Social Justice and the Power of Connotation 2


What is social justice? Well, most importantly, it is a term that has become rather controversial. So controversial, in fact, that when you search for it online, the first three pages of results are filled with definitions by different organisations. In the beginning, “social justice” referred mostly to an economic concept, meaning that “[it] may be broadly understood as the fair and compassionate distribution of the fruits of economic growth”, as defined by the United Nations. However, that’s not really true anymore. Now, social justice refers more generally to the idea that everyone deserves equal treatment, opportunities and social rights.  

Sounds good, right?

The problem here is, as with most things, that there is a rather considerable rift between theory and practice. Over the past years, social justice, and especially the connected term “social justice warrior”, has been quite negatively connotated and entrenched with political implications. Now, a social justice warrior is not someone who fights for the rights of others. They are someone who grows aggravated at even the slightest hint of so-called microaggressions and spends most of their time on lengthy, futile arguments to reprimand others for perceived wrongdoing. According to some, they are killjoys who always take jokes out of context and explain to others why we can’t use well-established words anymore because they may be offensive to some.

Meaning or Connotation?

However, it is important for us to make a distinction between meaning and connotation. Those two terms are not the same thing. Whereas the expression ‘social justice warrior’ is by no means a term of endearment, it should not be considered to be a slur. There is nothing wrong with advocating for the equality of all people. There are only wrong ways to go about it.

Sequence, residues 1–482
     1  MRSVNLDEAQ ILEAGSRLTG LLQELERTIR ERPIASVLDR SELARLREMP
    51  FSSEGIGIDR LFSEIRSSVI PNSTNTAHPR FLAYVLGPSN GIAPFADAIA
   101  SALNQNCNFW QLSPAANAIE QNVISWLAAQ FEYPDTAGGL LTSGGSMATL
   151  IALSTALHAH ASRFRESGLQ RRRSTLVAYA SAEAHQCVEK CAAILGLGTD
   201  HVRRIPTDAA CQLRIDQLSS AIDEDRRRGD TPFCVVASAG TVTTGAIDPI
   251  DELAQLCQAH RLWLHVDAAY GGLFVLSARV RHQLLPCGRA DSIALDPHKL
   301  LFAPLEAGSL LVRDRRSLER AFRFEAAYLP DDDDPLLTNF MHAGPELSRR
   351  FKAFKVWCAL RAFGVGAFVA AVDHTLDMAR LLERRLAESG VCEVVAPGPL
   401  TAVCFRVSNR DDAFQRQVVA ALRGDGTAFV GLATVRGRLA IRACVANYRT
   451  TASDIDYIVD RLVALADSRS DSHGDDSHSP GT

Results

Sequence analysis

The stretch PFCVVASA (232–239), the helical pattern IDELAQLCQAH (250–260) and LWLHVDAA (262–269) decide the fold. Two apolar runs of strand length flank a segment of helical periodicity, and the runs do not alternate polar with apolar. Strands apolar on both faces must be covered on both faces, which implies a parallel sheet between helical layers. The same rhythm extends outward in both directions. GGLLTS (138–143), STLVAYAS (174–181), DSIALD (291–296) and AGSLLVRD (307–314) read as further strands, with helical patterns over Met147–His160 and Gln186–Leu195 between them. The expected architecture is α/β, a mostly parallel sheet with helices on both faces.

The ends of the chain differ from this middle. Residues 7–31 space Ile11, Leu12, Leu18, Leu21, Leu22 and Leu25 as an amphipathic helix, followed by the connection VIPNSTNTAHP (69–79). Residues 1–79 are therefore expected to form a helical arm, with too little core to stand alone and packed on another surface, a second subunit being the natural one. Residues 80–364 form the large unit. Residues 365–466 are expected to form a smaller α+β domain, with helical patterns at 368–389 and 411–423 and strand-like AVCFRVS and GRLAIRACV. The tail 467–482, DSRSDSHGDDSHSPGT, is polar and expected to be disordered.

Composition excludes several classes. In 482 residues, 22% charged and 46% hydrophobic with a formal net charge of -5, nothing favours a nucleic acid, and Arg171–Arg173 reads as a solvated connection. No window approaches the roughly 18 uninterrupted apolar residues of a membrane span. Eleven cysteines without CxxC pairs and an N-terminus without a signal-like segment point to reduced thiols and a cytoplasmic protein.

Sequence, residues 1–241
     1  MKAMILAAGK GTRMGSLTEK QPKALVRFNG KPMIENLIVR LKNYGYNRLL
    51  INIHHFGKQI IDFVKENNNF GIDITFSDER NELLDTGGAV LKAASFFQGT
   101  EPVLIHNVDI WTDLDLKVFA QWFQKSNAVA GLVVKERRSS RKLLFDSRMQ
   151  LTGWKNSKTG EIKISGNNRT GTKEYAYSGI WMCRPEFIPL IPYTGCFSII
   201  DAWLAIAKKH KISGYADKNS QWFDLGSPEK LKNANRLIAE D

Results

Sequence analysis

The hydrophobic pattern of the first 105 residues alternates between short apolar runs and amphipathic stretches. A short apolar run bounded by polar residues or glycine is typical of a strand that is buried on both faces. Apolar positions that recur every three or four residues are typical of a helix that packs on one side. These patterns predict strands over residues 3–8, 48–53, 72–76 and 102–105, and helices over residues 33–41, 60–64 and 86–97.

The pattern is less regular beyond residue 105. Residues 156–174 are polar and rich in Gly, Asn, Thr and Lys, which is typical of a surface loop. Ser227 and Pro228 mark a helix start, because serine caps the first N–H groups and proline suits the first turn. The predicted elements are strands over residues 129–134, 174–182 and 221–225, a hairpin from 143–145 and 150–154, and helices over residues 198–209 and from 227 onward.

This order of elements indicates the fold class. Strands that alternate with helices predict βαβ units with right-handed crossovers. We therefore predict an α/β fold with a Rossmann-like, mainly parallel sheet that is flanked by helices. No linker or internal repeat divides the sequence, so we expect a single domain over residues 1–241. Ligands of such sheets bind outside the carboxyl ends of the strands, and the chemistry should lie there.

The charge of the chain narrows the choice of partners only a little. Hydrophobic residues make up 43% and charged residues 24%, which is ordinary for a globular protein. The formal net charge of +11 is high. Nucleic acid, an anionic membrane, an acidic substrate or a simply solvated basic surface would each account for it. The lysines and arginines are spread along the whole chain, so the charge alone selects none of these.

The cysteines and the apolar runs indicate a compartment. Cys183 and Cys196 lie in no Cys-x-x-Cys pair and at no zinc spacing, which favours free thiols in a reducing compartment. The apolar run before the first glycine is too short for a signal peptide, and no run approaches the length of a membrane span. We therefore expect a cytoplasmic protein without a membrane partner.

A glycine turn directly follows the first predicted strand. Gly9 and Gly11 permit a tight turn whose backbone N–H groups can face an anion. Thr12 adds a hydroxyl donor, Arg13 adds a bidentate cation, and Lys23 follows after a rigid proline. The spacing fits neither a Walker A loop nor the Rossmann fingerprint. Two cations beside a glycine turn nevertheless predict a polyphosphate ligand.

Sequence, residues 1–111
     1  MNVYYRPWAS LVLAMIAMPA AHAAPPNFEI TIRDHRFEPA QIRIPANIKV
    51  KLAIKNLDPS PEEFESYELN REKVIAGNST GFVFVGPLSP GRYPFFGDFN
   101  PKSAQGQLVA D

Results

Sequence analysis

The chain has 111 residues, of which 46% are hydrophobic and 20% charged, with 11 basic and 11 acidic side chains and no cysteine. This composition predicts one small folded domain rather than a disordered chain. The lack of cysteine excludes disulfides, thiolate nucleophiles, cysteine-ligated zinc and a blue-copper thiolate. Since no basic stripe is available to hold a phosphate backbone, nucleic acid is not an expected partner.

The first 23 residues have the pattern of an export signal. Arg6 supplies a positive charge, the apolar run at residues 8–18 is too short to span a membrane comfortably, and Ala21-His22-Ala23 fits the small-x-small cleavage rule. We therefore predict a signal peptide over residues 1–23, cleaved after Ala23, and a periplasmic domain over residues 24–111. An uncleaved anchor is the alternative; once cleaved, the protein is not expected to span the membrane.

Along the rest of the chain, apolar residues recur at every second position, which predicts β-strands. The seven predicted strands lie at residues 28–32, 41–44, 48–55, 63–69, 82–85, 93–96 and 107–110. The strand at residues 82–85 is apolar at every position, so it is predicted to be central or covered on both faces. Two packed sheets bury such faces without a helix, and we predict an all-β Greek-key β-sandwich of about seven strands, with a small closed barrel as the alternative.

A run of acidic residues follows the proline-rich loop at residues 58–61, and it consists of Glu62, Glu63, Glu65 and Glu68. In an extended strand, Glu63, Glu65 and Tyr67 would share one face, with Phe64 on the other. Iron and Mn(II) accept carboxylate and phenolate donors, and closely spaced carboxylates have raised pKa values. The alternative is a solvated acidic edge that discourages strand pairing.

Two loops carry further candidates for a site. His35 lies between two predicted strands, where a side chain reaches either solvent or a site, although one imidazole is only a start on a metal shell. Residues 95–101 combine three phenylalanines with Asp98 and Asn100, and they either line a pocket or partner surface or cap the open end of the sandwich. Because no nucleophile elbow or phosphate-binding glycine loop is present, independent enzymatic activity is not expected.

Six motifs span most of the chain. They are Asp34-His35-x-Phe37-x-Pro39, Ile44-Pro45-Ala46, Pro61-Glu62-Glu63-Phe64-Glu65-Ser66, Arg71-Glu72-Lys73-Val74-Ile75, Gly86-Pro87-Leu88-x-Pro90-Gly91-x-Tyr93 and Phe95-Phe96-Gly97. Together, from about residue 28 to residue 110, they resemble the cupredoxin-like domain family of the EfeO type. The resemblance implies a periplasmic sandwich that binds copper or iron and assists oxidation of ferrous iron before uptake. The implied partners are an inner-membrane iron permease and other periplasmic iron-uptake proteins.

Being a social justice warrior isn’t an inherently bad thing. Actually, we should all fight for equal opportunities. That’s why it is time to reclaim the term “social justice” – not as a nuisance. Neither should we see it as a cumbersome thing brought upon us by the craze of political correctness, nor as another topic that the right wing and the left wing cannot seem to agree on. Giving a mere concept and its connotations so much power will inevitably lead to disaster. 

Reclaiming Words

So, the next time that someone calls me a social justice warrior, I will not be offended. Actually, I will thank them. Because there is nothing wrong with being one. Let’s reclaim this concept and do it right. Let’s be the new generation of social justice warriors.

I ask again: What is social justice? There is no cookie-cutter definition that can easily applied to this term. However, it is most certainly one thing: a necessity. Everyone deserves equal opportunities, but it’s also important to learn the right way to fight for them. The only way to combat negative connotations is to be a good example of something. Therefore, here are the only tips I can give to a social justice warrior in 2020: Be informed, do not state half-truths. Stand up for those who cannot stand up for themselves, but never take someone’s right to speak for themselves. Do not get offended over the little things, but never ignore the big things. Listen to the other side, nothing is ever black-and-white – but that’s something every social justice warrior should know, don’t you think?

Featured image by Okan Caliskan on Pixabay

Share this post

About Marie Krebs

Marie is an English student with an interest in anything to do with culture. When she's not writing, she likes to read, cook and dance (preferably not all three at the same time).


Leave a comment

Your email address will not be published. Required fields are marked *



*


2 thoughts on “Social Justice and the Power of Connotation